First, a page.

This year, dsmHack introduced the Get Sh*t Done award. This is an award given to an individual in appreciation of their hard work. Everyone was encouraged to submit a nomination, which included a story or reason. At first, the nominations came in as a slow trickle, mostly from the hack organizers. By the end of the hackathon, participants were submitting a downpour of words inscribing generous acts.
We use Small Improvements within Source Allies as a tool to applaud and show recognition for our teammates when they exhibit one of our core values. It’s important to remember the human beings that underlie all the reason, logic, and process in our work. For dsmHack, the Get Sh*t Done award may have only been given to a single individual, but the flood of nominations signaled an aura of appreciation that filled the event hall.
Be a Teacher: Share Your Passion
At Source Allies, each of us brings our own set of skills and passions to the table. By sharing our passion, we are able to deliver quality products for our partners, akin to what each volunteer brings to their team at dsmHack. Even if the team is not working in your area of expertise, by sharing our passion we can learn and grow together, as we deliver the product for the nonprofit.
One thing that's for certain is that our experience at dsmHack is never what we expect it to be. It takes sharing our expertise as volunteers combined with the shared vision of the nonprofits to push through the noise (metaphorical and literal) to produce a great product. Volunteers have the opportunity to shine by sharing their knowledge and passion with others.
There were regular check-in meetings throughout the hackathon where a representative from each team would provide a status update. Much of the discussion focused on pacing with questions like, “how is everyone doing on time?”. When teams launched to work on Friday it was a rollercoaster of uncertainty. By that Saturday morning, however, every team was headed in the right direction with regards to time management. All that remained was the nagging but-what-if voice in the back of everyone’s head.
Teams began adding their final touches and started documenting the hand-off. The nonprofits would take over the projects at the end of the day. Nobody wanted to leave their nonprofit in a position where they were unable to maintain or update their solution.
Be an Owner: Ownership Mindset
While volunteers are not the owners of the products we make for our nonprofits, it is an ownership mindset that helps create stellar results. By crafting products from an ownership mindset, we are more in-tune with the user needs. We can do this by getting to know our users and by approaching our work as if we are the user. This applies both to participating in dsmHack and producing products for our partners.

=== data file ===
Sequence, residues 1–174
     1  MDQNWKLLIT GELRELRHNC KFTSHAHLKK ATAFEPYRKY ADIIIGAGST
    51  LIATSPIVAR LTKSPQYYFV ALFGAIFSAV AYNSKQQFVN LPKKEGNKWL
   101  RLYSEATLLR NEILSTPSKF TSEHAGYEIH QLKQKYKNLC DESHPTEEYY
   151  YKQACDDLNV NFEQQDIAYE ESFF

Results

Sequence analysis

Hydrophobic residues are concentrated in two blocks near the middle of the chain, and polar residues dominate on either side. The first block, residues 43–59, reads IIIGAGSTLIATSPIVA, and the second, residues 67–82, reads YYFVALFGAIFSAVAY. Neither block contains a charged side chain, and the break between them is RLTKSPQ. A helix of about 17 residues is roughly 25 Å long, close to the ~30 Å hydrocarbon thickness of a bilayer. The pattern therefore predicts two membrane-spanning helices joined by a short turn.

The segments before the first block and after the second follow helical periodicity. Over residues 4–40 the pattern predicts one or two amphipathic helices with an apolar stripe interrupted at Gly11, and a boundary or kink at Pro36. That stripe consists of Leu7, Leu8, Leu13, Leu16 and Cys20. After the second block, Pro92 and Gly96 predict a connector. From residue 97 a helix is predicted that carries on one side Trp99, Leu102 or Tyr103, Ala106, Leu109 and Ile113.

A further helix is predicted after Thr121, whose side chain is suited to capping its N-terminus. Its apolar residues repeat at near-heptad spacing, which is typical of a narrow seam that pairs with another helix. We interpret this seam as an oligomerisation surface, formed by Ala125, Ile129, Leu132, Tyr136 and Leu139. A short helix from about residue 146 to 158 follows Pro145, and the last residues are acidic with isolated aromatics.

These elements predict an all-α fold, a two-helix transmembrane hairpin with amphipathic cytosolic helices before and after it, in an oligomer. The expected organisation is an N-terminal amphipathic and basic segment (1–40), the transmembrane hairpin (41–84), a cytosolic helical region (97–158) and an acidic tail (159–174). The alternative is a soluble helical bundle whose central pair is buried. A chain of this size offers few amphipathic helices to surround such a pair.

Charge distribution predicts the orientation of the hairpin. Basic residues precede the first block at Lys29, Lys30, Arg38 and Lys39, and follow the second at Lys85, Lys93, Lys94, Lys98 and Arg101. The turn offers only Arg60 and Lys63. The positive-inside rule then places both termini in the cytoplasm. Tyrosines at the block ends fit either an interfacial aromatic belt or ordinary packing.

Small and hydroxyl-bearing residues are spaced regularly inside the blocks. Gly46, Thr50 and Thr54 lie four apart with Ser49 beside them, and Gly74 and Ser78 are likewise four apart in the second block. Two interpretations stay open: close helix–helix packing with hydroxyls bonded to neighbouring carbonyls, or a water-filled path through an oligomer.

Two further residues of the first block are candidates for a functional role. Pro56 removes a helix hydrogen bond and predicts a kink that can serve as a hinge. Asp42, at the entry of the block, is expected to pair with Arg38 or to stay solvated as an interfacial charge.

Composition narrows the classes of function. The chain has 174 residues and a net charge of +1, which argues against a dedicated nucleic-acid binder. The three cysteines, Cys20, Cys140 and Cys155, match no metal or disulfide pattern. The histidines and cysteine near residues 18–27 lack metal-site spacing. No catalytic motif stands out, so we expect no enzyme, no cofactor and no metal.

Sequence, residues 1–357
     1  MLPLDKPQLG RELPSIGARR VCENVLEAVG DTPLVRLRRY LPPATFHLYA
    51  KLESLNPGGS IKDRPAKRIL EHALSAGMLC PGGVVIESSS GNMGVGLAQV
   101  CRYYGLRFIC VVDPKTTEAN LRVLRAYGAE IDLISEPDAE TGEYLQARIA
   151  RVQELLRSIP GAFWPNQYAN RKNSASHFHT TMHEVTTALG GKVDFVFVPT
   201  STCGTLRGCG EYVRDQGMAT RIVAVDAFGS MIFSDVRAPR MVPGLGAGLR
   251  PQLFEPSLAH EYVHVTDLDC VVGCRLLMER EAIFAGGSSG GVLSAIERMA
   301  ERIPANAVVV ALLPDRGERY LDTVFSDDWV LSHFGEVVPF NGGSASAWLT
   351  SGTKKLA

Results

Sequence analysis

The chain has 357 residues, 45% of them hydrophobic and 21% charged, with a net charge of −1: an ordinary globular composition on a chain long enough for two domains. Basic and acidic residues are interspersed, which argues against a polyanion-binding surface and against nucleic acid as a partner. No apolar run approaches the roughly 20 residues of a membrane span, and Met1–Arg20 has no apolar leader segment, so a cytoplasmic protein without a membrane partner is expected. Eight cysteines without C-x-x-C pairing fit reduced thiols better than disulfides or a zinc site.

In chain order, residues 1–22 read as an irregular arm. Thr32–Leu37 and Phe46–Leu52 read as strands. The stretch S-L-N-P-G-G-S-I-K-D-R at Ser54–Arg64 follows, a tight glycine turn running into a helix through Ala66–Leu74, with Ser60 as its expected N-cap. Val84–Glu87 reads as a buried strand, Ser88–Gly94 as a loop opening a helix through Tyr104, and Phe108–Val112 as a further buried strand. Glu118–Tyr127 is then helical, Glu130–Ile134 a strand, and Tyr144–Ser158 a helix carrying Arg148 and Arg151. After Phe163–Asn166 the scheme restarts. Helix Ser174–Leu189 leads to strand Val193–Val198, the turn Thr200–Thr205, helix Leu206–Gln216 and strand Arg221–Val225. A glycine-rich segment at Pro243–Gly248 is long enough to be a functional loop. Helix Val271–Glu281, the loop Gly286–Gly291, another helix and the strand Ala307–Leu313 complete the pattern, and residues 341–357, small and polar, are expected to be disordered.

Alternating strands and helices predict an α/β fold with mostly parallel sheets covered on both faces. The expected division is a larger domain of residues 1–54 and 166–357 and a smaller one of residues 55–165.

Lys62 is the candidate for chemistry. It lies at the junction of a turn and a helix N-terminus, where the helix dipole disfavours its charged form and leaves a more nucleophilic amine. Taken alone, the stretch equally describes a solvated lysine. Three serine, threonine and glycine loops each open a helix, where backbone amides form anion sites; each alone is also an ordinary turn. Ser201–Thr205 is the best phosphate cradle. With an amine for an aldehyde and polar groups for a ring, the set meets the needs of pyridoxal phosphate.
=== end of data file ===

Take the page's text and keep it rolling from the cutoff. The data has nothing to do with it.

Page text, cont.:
Another important aspect to consider is maintainability. In interest of our partners’ long term success, we want to provide them with a solution that is sustainable. This is especially true at dsmHack as many of the non-profits might not have the tech capabilities or internal teams to change code or fix a deploy on their own.
Thursday evening was the culmination of the efforts by dsmHack organizers; the evening of March 7 was the culmination of ours. We had but 48 hours to organize ourselves into teams and complete a project that would elevate each nonprofit’s digital presence.
Ben and Michael, the authors of this blog and both consultants at Source Allies, had the pleasure of working on two different teams throughout dsmHack. Ben worked with Please Pass the Love, a nonprofit working to empower communities to provide mental health and wellness support for their students. His team created a Slack workspace and several custom Slack bots to provide a safe, open environment where students can connect.
Michael worked with One Heart Equestrian Therapy, a nonprofit using horses to offer therapeutic services to individuals demonstrating limitations and special needs. They worked on creating an informational app that volunteers can use to be prepared with the right horses and equipment needed for a volunteer event.
Time moves quickly when you’re anxious and excited. It was soon time to present. Each team was given 10 minutes to talk about their nonprofit and show off their project. It was an emotional time. There was relief in seeing that everything worked. There was awe in witnessing what other teams managed to put together. There was joy in seeing the reactions of the nonprofits, and there were tears of pride in knowing what an incredible impact each project would have on the community.